The birth has been announced of the first successfully cloned Przewalski’s horse. Born at Timber Creek Veterinary Hospital, in Texas, the colt was produced using DNA preserved for 40 years in the “Frozen Zoo” at San Diego Zoo.
The Frozen Zoo® houses genetic material from thousands of dead animals, safely stored in liquid nitrogen, in the hope that, one day, it might be possible to use it to help save endangered species, or even reintroduce extinct ones.
“A central tenet of the Frozen Zoo®, when it was established by Dr. Kurt Benirschke, was that it would be used for purposes not possible at the time.” explains Oliver Ryder, Ph.D., director of genetics at San Diego Zoo Global.
“Now, the living cells in the Frozen Zoo are contributing to reversing losses of genetic diversity and contributing to population sustainability. The cells of hundreds of Przewalski’s horses reside in the Frozen Zoo, and form the basis for new opportunities in applying scientific research to preserve species into the future.”
By the end of the 1960s, the Przewalski horse, considered to be the last truly wild horse, was extinct in the wild. Some individuals survived in zoos, and an intensive breeding program managed to revive the species, allowing horses to be reintroduced to their natural habitat in the 1990s.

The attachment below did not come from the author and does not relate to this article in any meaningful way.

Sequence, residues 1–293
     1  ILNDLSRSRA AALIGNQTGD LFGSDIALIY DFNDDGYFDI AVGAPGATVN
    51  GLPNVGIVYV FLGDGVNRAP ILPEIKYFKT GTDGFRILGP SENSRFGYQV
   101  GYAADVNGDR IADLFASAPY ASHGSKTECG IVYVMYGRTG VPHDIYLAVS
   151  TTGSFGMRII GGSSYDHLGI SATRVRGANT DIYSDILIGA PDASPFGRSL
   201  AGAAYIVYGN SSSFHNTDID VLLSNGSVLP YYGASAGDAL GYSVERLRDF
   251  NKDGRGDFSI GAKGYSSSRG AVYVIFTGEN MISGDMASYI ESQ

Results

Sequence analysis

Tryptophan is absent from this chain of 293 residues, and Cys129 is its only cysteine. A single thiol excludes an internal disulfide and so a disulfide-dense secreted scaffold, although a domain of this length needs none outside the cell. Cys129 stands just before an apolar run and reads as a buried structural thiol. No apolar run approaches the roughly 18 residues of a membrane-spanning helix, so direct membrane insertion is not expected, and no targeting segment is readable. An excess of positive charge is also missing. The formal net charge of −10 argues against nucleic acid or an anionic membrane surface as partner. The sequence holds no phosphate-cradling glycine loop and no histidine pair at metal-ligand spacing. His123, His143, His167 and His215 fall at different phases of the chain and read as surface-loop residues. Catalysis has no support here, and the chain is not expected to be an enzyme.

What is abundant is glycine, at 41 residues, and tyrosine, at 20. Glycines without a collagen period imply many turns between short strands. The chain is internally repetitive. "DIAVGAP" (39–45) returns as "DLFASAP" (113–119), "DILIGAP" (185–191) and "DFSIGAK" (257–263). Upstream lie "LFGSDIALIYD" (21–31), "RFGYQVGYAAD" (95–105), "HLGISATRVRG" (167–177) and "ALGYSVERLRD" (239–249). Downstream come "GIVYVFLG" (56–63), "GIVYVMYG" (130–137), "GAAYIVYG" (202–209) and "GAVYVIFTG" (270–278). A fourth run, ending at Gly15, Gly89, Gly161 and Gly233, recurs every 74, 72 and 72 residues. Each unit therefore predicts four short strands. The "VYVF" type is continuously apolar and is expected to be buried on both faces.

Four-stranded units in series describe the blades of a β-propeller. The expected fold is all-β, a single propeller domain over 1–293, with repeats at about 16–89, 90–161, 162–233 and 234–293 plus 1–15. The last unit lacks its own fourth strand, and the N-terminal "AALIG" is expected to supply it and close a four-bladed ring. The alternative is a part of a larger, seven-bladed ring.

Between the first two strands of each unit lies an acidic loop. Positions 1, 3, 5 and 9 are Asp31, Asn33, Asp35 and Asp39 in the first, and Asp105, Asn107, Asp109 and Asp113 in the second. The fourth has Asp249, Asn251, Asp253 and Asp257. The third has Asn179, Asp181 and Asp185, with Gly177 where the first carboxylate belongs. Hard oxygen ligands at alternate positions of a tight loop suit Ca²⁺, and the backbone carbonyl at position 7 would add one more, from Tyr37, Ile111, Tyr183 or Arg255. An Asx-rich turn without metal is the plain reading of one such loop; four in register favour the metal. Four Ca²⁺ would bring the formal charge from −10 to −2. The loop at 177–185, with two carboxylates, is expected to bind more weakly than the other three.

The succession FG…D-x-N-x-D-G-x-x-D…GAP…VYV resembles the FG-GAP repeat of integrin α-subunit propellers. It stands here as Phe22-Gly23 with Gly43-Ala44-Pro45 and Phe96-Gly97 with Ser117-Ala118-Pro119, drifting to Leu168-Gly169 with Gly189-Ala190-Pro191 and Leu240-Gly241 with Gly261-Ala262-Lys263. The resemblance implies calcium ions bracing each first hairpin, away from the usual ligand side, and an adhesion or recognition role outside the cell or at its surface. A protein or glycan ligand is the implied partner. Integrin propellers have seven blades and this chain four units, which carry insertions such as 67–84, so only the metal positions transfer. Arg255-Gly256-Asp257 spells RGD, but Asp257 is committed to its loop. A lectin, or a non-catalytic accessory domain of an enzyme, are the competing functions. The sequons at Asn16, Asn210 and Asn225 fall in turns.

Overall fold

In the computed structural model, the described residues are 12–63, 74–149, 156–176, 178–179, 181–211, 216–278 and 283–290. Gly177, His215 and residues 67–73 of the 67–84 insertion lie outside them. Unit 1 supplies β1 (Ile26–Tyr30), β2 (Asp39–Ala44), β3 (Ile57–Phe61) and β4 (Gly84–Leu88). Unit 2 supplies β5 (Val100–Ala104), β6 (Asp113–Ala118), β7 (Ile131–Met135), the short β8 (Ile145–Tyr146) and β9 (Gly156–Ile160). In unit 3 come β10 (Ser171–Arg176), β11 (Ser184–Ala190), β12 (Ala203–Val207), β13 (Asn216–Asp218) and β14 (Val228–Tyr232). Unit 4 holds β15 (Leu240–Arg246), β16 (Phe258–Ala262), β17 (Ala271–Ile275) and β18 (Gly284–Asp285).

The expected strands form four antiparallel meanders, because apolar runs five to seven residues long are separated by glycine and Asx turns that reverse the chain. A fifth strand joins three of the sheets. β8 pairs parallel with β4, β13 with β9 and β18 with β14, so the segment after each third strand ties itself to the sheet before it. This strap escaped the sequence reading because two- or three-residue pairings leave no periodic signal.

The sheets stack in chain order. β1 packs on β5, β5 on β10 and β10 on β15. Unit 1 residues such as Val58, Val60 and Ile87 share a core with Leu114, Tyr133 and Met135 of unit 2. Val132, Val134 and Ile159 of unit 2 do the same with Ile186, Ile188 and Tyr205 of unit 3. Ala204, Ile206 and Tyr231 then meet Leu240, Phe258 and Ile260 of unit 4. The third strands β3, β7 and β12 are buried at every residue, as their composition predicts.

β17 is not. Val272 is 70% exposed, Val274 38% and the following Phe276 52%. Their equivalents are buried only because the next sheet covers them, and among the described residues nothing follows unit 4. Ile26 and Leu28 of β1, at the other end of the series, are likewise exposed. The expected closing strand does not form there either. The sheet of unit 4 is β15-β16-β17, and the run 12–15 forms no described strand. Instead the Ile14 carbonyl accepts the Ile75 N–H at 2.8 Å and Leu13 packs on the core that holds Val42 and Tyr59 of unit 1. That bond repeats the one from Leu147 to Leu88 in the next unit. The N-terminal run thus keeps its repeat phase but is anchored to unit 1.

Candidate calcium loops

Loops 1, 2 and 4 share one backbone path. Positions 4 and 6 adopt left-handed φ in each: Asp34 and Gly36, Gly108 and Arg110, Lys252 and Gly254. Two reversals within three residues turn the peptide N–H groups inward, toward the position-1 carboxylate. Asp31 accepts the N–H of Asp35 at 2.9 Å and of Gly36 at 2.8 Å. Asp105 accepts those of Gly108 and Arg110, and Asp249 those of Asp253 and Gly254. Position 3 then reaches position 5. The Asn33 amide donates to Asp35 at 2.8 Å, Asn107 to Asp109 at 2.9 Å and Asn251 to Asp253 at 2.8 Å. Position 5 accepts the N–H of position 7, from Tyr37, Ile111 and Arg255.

Although there are now over 700 animals roaming the Mongolian steppes, almost all are related to just 12 individuals. This loss of genetic diversity is a cause for concern; maintaining genetic variation is likely to be an important part of ensuring the species’ survival in the future.
The new foal, named Kurt after Dr Benirschke, represents the first time this species has been cloned. He was cloned from a cell line stored in the Frozen Zoo since 1980. That stallion was born in 1975 in the UK, was transferred to the US in 1978 and lived until 1998.
More than just an individual horse, Kurt represents a major milestone for Przewalski’s horse conservation, and it is hoped that in due course he will increase the gene pool of the current population of Przewalski’s horses.
Once he is older, the foal will be moved to the San Diego Zoo Safari Park to be integrated into a breeding herd.
“This colt is expected to be one of the most genetically important individuals of his species,” said Bob Wiese Ph.D., chief life sciences officer at San Diego Zoo Global. “We are hopeful that he will bring back genetic variation important for the future of the Przewalski’s horse population.”
As he matures and successfully breeds, he can provide a valuable infusion of genetic diversity for the Przewalski’s horse population.
The work was carried out by Texas-based ViaGen Equine (http://viagenpets.com/equine), in collaboration with San Diego Zoo Global (http://SanDiegoZooGlobal.org) and wildlife conservation organization Revive & Restore (https://reviverestore.org/projects/przewalskis-horse/)
“The work to save endangered species requires collaborative and dedicated partners with aligned goals,” said Paul A. Baribault, president/CEO of San Diego Zoo Global. “We share in this remarkable achievement because we applied our multidisciplinary approach, working with the best scientific minds and utilizing precious genetic material collected and stored in our wildlife DNA bio bank.”
The scientists suggest this could provide an important model for future conservation efforts.